From this it will be perceived that I consider the words above quoted, viz. the 11th and 12th verses, as expressly asserting a translation to heaven / and as affording therefore the strongest and most direct confirmation of the explanation I have given to the seventh chapter; and that the two deliverances are one. Most of the arguments that have been brought forward to prove the one, will likewise prove the other ; and therefore to those arguments I would, in the first place, direct my readers’ attention;” and, in connection with them, request

* See ch. vii.

his further attention to the few additional remarks on what is before us. I would notice, as a preliminary observation, one remarkable peculiarity in the first twelve verses of this chapter—and that is, that although highly symbolical, like the other prophecies of this book, yet they are given in the way of narrative, not of vision : and that this narrative, in the various particulars we have considered, enters not only into the detail of the mournful outward circumstances of the Lord's people, but into the very essence of their life, strength, security, and privileges; closing with this their final triumph. In endeavouring to ascertain the precise meaning of the resurrection and ascension of the two witnesses, we ought not to keep out of our minds for a moment, that it is an event which is to happen immediately preceding the dreadful sounding of the seventh trumpet, and, as hath been already in several places explained, the consequent utter ruin of the ten kingdoms. They must therefore signify something that can comport with such a state of things. Whatever the deliverance is, and a very great and complete one it will be, it must be one that will rise above all the horrors of the seventh trumpet! And as if to mark its completeness the more, it is set in the highest contrast with that event. But we must proceed to particulars. It is first said, that at the end of the three years and an half of their sufferings, “the spirit of life from God entered into them ; and they stood upon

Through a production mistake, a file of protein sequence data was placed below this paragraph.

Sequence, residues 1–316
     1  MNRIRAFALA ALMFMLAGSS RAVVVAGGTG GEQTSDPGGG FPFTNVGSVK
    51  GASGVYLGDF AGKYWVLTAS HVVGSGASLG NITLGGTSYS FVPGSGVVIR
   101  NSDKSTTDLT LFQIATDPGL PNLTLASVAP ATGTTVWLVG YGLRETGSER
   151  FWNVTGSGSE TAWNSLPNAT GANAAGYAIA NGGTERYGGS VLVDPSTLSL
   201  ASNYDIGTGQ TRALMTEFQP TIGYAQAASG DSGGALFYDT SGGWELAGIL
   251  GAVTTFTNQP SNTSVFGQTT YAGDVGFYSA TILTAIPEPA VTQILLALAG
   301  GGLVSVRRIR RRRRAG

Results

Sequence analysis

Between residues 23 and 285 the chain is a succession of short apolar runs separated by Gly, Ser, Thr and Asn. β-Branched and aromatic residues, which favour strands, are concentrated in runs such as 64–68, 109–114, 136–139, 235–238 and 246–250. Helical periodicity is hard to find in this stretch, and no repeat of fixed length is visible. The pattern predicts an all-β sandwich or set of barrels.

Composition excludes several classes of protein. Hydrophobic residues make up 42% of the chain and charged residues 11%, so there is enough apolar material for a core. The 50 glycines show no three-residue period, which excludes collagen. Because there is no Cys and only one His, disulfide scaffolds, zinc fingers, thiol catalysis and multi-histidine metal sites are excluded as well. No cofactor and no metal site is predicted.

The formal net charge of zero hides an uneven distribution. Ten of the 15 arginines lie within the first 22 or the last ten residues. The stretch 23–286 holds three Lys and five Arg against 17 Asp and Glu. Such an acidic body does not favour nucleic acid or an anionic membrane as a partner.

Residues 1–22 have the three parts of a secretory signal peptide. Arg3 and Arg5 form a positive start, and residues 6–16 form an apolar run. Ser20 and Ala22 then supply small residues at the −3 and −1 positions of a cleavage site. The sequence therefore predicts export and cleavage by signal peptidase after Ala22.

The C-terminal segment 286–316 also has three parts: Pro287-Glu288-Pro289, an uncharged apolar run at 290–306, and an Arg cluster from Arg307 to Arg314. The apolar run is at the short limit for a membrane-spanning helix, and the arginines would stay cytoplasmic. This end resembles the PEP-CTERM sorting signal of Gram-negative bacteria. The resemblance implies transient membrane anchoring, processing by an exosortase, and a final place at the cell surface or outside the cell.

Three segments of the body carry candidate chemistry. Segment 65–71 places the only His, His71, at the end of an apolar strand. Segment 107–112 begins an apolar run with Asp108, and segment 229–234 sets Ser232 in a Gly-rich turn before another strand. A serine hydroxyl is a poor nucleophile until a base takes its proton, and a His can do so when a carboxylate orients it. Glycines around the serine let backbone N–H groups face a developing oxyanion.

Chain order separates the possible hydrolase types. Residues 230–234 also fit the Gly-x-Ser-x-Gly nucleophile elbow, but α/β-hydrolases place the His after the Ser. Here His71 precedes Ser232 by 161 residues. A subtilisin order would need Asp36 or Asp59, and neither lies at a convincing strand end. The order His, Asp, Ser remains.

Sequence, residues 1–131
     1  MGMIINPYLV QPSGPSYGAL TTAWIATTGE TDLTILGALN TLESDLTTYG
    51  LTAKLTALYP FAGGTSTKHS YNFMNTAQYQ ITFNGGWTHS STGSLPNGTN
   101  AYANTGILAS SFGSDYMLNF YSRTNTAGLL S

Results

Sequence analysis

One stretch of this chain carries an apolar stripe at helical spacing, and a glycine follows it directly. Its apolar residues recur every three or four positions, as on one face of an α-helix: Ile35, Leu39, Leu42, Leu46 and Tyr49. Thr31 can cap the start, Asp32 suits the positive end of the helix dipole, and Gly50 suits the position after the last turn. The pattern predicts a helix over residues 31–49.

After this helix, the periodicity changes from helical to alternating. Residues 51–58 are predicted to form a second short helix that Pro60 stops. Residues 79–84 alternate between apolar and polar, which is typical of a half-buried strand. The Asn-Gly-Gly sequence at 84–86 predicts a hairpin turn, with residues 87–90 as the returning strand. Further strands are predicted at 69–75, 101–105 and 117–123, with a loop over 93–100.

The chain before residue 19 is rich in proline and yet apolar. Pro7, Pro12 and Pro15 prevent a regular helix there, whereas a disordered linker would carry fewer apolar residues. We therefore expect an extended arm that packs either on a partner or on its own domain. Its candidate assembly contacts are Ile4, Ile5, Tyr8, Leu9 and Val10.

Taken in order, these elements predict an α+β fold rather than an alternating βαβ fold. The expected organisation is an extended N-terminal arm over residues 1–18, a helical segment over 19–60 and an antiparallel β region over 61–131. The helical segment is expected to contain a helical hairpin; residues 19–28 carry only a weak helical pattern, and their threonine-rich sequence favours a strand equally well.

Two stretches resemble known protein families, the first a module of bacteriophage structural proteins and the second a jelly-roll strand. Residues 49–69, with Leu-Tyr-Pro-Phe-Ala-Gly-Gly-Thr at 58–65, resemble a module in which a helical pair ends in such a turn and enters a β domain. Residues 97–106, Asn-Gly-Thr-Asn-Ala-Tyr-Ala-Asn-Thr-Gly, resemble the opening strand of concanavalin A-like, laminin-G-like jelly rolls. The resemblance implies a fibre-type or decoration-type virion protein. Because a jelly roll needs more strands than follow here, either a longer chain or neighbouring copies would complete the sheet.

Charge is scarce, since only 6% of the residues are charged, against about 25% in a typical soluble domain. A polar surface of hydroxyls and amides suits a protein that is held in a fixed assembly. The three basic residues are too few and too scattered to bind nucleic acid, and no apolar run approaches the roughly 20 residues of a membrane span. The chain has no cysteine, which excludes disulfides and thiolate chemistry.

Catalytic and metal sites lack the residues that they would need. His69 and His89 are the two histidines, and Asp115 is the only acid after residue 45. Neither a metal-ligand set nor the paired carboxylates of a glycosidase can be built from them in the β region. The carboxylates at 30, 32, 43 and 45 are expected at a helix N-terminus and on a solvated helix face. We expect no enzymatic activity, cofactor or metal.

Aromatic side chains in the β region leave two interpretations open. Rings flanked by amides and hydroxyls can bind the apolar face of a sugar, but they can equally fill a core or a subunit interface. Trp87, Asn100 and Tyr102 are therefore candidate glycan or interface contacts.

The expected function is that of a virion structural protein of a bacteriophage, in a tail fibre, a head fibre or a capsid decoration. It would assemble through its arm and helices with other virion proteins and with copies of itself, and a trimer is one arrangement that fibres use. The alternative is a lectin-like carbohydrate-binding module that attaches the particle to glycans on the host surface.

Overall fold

their feet.” To perceive the full force of these words we must look back to where it is said, that they have been made war against, and overcome, and KILLED : and their dead bodies have lain publicly exposed, and not suffered to be put into graves! I have explained on these words that the death here spoken of is not a literal death, but must be such a death as a church can suffer. In like manner must we consider the life to be such a resuscitation as a church can enjoy. As the former appears to signify the entire silencing or extinction of all profession whatever of the religion of the Gospel, attended with circumstances of extreme contempt and ignominy; so the mention of their standing upon their feet, not through any favour of man, but by “the Spirit of life from God” entering into them, carries with it the idea, that in the first instance, at the end of the three years and an half, they will, through some wonderful divine interposition, rise into favour and into power—that is, that they will not only recover their former position, “standing again upon their feet,” but in a manner and in an attitude which will cause great fear to fall upon those who see them 1 The expression, “the Spirit of life FROM God,” is very strong, and, I consider, has a remarkable fulness of meaning. It is the same as is used in Gen. vii. 22, according to the marginal reading, “All in whose nostrils was the breath of life died.” It ought to convey to us, whom it so personally and so nearly concerns, an inexpressibly delightful and